The world is changing rapidly and the idea of what is impossible changes every day. When one hears the word printing, paper and ink is likely the idea that comes to mind. However, in the world of printing today, printing goes beyond paper and ink.
3D printing deals with the building of three-dimensional objects using materials. Right now, as it stands, the field is relatively new and increasingly popular as well. For those who have no idea what it is and how it works, consider this article a crash course in 3D printing for beginners.
What Is 3D Printing?
3D printing simply put is an additive manufacturing process where materials are added layer after layer to produce a 3-dimensional object. The process is called additive because the object is built from scratch as against the traditional engineering process.
The traditional process would usually involve, cutting, drilling, etc. Hence, it is regarded as subtractive in comparison with 3D printing.
How Does 3D Printing Work?
You may be wondering if 3D printing is even printing in the first place. Well, technically, the answer is ‘yes’, 3D printing is printing but not in the traditional ink and paper way. However, the principles are somewhat very related.
Just like in regular printing, 3D printers use a plethora of technologies. However, the difference is the fact that unlike in regular printing, 3D printers use a wide variety of materials as unopposed to just ink. The printers themselves can create physical objects from digital files.
These digital files could be from 3D scanners, computer-aided design (CAD) or computer-aided manufacturing (CAM) program.
The most common technology used by 3D printers is what is called the Fused Deposition Modeling (FDM) or the Fused Filament Fabrication. Usually, it involves melting a filament made up of a thermoplastic and depositing it in layers using a hot extrusion nozzle.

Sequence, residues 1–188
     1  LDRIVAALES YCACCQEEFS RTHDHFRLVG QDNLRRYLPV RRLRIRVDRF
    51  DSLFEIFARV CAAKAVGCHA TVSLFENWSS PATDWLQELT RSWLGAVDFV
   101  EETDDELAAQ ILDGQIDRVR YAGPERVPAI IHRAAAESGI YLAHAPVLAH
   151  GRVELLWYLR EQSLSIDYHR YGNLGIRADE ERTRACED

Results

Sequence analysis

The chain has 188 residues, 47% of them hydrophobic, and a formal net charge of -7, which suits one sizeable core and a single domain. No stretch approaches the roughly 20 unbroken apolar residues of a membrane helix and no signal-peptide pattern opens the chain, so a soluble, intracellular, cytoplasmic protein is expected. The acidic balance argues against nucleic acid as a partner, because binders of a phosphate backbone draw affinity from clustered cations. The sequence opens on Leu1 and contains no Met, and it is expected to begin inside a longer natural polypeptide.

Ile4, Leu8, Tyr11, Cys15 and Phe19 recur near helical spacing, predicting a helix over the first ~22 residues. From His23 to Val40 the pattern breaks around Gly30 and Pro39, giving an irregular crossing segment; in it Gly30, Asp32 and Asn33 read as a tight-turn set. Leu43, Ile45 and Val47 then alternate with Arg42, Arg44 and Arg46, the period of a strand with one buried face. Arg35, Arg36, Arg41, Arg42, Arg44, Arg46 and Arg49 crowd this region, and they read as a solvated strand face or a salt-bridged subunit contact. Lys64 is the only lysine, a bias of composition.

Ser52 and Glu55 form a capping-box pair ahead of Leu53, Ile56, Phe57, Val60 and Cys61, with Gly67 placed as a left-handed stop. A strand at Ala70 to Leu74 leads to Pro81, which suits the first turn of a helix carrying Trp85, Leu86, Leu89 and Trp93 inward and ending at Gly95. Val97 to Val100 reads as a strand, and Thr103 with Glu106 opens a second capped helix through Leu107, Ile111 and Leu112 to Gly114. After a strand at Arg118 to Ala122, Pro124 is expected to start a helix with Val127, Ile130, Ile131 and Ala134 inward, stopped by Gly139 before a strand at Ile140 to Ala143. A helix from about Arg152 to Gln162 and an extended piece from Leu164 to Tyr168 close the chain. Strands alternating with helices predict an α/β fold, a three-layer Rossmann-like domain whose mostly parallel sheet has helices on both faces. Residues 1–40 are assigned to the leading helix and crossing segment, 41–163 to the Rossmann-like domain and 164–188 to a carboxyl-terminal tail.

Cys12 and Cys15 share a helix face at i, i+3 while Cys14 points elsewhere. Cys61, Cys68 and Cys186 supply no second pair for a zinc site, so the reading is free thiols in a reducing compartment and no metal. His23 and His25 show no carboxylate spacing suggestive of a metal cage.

Another one of the technologies used in 3D printing is the stereolithography. Here, an ultraviolet laser traces the object to be created on the surface of a sensitive photopolymer after it is shined into its vat. Whenever the beam touches the polymer, it solidifies. In the end, the beam produces the desired object layer after layer following the instructions in its CAD or CAM file.
Close but slightly different from stereolithography is the digital light projector (DLP). Liquid polymer (also called 3d printing resin) is exposed to a digital light processing projector. The light from the projector hardens the polymer layer after layer until the object has been built to finish.
MultiJet modeling works like the inkjet system. The system sprays a binder (glue) usually colored, into layers of powder in the area where the object is to be produced. The process is considered to be one of the fastest and one of a few that support colored printing.
History of 3D printing
Now that you know a little about how 3D printing works and how powerful a tool it can be, you might start to wonder how did it come to be,